Current Mortgage Rates -- March 22, 2021: Rates Begin the Week Up Again

by Christy Bieber | Updated July 19, 2021 - First published on March 22, 2021

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Large, modern-style home with Today's Mortgage Rates graphic.

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Average mortgage rates rose again to start this week. Find out what this means for home buyers.

As we move towards the end of March, mortgage rates rose again today. Rates are now well up from recent historic lows, but they still remain fairly competitive and many would-be home buyers can get an affordable loan.

If you're thinking about borrowing to buy a home, check out average mortgage rates for March 22, 2021 to see how much a loan could cost you.

Mortgage Type Today's Interest Rate
30-year fixed mortgage 3.293%
20-year fixed mortgage 3.027%
15-year fixed mortgage 2.538%
5/1 ARM 3.072%

Data source: The Ascent's national mortgage interest rate tracking.

30-year mortgage rates

The average 30-year mortgage rate today is 3.293%, up 0.021% from Friday's average of 3.272%. A loan at today's average rate would cost you $438 per month in principal and interest for each $100,000 you borrow. Total interest costs would add up to $57,525 per $100,000 borrowed over the life of the loan.

20-year mortgage rates

The average 20-year mortgage rate today is 3.027%, up 0.009% from Friday's average of 3.018%. At today's average rate, the monthly principal and interest payment would add up to $556 per $100,000 in mortgage debt. Over the life of the loan, your total interest costs would add up to $33,428 per $100,000 borrowed.

With a 20-year mortgage, you pay interest for a full decade less than with a 30-year mortgage. This means you save a lot of money on interest over time. But by cutting off a decade's worth of payments, your monthly payments become much higher. This tradeoff may be worth it for some home buyers, as long as you can afford the higher monthly cost.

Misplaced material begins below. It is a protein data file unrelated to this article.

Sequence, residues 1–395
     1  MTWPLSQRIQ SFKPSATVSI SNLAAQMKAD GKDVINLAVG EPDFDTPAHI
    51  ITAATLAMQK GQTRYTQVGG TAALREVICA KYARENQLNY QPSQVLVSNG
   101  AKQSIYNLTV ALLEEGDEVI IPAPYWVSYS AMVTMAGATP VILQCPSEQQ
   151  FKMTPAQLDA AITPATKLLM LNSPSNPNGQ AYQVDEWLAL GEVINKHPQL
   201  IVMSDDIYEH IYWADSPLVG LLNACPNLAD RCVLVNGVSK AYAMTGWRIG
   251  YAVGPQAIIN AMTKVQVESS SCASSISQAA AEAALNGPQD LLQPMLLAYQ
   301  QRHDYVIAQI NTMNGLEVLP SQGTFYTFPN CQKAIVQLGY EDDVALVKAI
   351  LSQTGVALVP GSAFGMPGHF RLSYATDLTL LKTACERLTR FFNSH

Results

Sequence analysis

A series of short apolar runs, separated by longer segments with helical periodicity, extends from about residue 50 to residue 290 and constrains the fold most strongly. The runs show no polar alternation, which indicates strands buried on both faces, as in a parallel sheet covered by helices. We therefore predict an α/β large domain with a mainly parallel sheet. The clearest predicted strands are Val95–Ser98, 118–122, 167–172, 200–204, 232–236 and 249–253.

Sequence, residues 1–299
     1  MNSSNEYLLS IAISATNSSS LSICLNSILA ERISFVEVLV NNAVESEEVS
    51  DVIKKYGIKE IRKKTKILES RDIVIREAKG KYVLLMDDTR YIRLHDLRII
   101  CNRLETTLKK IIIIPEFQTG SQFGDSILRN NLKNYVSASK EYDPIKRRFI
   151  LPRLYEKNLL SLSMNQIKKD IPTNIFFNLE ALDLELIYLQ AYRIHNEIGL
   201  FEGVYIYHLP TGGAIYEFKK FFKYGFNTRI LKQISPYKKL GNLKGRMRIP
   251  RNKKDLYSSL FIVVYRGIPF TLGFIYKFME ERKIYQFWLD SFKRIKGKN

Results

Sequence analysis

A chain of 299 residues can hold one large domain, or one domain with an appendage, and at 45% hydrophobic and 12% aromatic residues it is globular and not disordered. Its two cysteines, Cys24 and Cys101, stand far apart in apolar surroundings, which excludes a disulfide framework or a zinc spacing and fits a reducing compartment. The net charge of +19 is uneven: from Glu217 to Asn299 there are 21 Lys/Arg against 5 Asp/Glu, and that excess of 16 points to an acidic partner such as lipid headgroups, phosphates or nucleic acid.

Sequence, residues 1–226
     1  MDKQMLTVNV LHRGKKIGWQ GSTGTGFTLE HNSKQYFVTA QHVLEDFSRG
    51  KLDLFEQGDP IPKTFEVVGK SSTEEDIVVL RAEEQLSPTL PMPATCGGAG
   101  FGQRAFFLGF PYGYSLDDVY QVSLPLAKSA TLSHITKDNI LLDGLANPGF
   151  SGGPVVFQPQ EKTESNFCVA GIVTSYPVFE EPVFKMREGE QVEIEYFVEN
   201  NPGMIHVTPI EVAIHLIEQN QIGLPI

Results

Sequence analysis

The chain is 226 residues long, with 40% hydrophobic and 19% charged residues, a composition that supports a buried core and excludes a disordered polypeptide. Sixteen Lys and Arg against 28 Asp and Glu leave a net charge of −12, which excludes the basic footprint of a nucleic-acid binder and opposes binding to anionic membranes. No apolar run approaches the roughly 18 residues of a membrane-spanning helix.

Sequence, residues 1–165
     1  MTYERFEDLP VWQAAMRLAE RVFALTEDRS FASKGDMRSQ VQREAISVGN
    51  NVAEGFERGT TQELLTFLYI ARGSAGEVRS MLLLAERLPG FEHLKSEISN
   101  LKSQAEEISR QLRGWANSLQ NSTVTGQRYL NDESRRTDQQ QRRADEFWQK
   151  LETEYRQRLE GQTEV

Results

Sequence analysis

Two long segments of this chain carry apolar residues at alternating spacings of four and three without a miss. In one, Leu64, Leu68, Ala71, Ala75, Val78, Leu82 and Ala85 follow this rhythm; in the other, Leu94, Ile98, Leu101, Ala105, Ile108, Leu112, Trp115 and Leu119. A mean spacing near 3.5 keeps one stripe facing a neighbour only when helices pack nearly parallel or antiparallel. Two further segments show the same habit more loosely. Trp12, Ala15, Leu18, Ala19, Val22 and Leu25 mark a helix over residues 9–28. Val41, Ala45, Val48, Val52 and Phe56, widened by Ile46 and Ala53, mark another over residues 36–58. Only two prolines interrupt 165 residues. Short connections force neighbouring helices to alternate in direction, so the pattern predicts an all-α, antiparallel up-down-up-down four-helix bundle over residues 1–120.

15-year mortgage rates

The average 15-year mortgage rate today is 2.538%, up 0.013% from Friday's average of 2.525%. A mortgage loan at today's average interest rate would cost you $669 per $100,000 borrowed. During your entire loan repayment period, you'd pay total interest costs of $20,344 per $100,000 borrowed.

By reducing your payoff time even further, you raise your monthly payments even higher with the 15-year loan than the 20-year mortgage. Of course, as you can see, the total interest saved over time is considerable.

5/1 ARMs

The average 5/1 ARM rate is 3.072%, up 0.059% from Friday's average of 3.013%. This initial rate is guaranteed for a period of five years only. After that time, rates can adjust once annually. Taking the risk of rates going up can make sense if you're able to save considerably over the 30-year fixed-rate loan. But since the starting interest rate isn't much lower with the 5/1 ARM than the 30-year option, you're better off with the fixed-rate loan.

Should I lock my mortgage rate now?

A mortgage rate lock guarantees you a certain interest rate for a specified period of time -- usually 30 days, but you may be able to secure your rate for up to 60 days. You'll generally pay a fee to lock in your mortgage rate, but that way, you're protected in case rates climb between now and when you actually close on your mortgage.

If you plan to close on your home within the next 30 days, then it pays to lock in your mortgage rate based on today's rates -- especially since they're so competitive. But if your closing is more than 30 days away, you may want to choose a floating rate lock instead for what will usually be a higher fee, but one that could save you money in the long run. A floating rate lock lets you secure a lower rate on your mortgage if rates fall prior to your closing, and while today's rates are still quite low, we don't know if rates will go up or down over the next few months. As such, it pays to:

  • LOCK if closing in 7 days
  • LOCK if closing in 15 days
  • LOCK if closing in 30 days
  • FLOAT if closing in 45 days
  • FLOAT if closing in 60 days

To find out what rates are available to you, compare rates from at least three of the best mortgage lenders before locking in.

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Mortgage rates are on the rise — and fast. But they’re still relatively low by historical standards. So, if you want to take advantage of rates before they climb too high, you’ll want to find a lender who can help you secure the best rate possible.

That is where Better Mortgage comes in.

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